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Mac DeMarco at Biltmore Cabaret

Monday 04th, May 2015 / 18:16
By Paris Spence-Lang
Mac DeMarco at Biltmore Cabaret. Photo: Justin Uitto

Mac DeMarco at Biltmore Cabaret.
Photo: Justin Uitto

April 25, 2015

Mac DeMarco’s latest album, Salad Days, is a lazy, swaying beach-party of an effort, bringing to mind sunshine and slow summer days. And this is what I expected from the band as they took the stage at the Biltmore: something nice. And at first, as the goofy-looking Canadian walked up to the mic, smiling his good-natured, gap-toothed grin, that’s what it seemed it would be. Just Mac DeMarco coaxing us through the night with his gentle guitar.

It all went downhill from there.

The first indicator that something was not as it should be was that the music was heavy — much heavier than the recorded works. DeMarco was using distortion (or more likely, his cheap guitar was distorting itself for him) and his vocals came out as shrieks or guttural roars. But this didn’t come off as a detriment: opening with “Salad Days,” the band already had the audience on their side as a hundred voices shouted along. At this point everything still seemed manageable — sure, it would be a noisy beach party, but it would still be lighthearted (they even threw out a cover of Coldplay’s “Yellow”). But then, a couple songs later, DeMarco opened the floodgates: “Everyone,” he said before launching into the next song, “needs to start crowd surfing.”

From that point on, the night became a crowd-surfing, beer-spraying, can-throwing, cigarette-smoking, mosh-pitting humdinger of a show, and all the while, the four-piece threw out lewd jokes and aggressive comments. The guitarist asked if anyone could help him get laid. The bassist swore at the crowd when he was hit with a beer can. The stage-hands were nowhere to be seen.

But in the midst of all this, something strange was happening: DeMarco, fully encouraging any and all depravity, was becoming one with the crowd. “It’s funny, our last shows at the Biltmore. Between us,” he admitted, referring to the band, “we must’ve been banned from here at least 20 times.” And as DeMarco’s respect for the increasingly rowdy crowd increased, so did the crowd’s love for Mac. In fact, they climbed the partition in droves and crept on stage until they were lying three-deep at DeMarco’s feet. This connection of the crowd and Mac came to a literal plateau when he, following his own orders, dove into the crowd during the final song of the set.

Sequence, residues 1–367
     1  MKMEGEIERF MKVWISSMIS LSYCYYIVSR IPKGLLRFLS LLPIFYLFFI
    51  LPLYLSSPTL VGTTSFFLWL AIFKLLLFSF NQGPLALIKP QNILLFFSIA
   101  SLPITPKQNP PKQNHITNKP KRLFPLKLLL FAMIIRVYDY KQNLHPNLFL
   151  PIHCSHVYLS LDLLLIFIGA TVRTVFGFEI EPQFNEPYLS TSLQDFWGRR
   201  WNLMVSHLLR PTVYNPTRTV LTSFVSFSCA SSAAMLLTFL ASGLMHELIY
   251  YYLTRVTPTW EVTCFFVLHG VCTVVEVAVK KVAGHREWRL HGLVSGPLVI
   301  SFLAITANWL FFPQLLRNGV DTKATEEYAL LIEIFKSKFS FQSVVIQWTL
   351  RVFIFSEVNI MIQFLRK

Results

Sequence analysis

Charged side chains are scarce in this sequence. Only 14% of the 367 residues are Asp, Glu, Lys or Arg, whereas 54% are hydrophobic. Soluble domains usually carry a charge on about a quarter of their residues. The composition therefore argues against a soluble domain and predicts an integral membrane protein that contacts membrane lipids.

And boy, can he surf a crowd. Mac hit all four corners of the room, walking on the ceiling and two-hand-fingering people along the way. Then, after a full minute at least, DeMarco pointed himself back to the stage and finished the song. I swore that there would not, could not be an encore — nothing could top what just happened.

I was wrong. The band came back out and tore into their second cover of the night, a 10-minute mash-up of Metallica’s “Enter Sandman” and Deep Purple’s “Smoke on the Water.” The crowd went wild, diving off the stage, smashing into each other, and all the while shouting along. Then, Mac took to the crowd once again, shirtless, playing his guitar while he rode the outstretched hands. And then, after spitting beer at the crowd a final time, Mac DeMarco left the stage.

This was not a beach party. This was not a summer afternoon, nor a single ray of sunshine. But that’s what we have the recordings for — to make our own events on our own time. Because when we’re on Mac DeMarco’s time, we play by his rules, and if that means getting rowdy for a night, then so be it. Because where else are we going to find someone who’ll break all the rules? And that’s what makes DeMarco so unique: he’s willing to break the rules. No, it’s that he just doesn’t care that there are rules.

And that makes for one hell of a show.

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